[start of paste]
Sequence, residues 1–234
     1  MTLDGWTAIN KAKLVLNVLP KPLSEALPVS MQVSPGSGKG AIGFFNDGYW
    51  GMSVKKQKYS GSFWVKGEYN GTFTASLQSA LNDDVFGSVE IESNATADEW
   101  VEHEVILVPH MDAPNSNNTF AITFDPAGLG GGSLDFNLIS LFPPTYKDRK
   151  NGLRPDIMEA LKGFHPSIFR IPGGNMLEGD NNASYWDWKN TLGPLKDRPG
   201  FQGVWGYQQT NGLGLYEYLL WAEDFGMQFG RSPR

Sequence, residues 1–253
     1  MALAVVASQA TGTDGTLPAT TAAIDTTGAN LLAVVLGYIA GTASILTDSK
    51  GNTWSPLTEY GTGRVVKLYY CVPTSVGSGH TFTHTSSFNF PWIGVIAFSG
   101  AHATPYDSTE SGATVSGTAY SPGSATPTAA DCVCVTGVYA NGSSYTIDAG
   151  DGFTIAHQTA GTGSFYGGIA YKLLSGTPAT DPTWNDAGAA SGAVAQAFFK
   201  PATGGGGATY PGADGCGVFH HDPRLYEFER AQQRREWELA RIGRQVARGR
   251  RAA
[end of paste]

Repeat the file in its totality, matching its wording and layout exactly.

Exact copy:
Sequence, residues 1–234
     1  MTLDGWTAIN KAKLVLNVLP KPLSEALPVS MQVSPGSGKG AIGFFNDGYW
    51  GMSVKKQKYS GSFWVKGEYN GTFTASLQSA LNDDVFGSVE IESNATADEW
   101  VEHEVILVPH MDAPNSNNTF AITFDPAGLG GGSLDFNLIS LFPPTYKDRK
   151  NGLRPDIMEA LKGFHPSIFR IPGGNMLEGD NNASYWDWKN TLGPLKDRPG
   201  FQGVWGYQQT NGLGLYEYLL WAEDFGMQFG RSPR

Sequence, residues 1–253
     1  MALAVVASQA TGTDGTLPAT TAAIDTTGAN LLAVVLGYIA GTASILTDSK
    51  GNTWSPLTEY GTGRVVKLYY CVPTSVGSGH TFTHTSSFNF PWIGVIAFSG
   101  AHATPYDSTE SGATVSGTAY SPGSATPTAA DCVCVTGVYA NGSSYTIDAG
   151  DGFTIAHQTA GTGSFYGGIA YKLLSGTPAT DPTWNDAGAA SGAVAQAFFK
   201  PATGGGGATY PGADGCGVFH HDPRLYEFER AQQRREWELA RIGRQVARGR
   251  RAA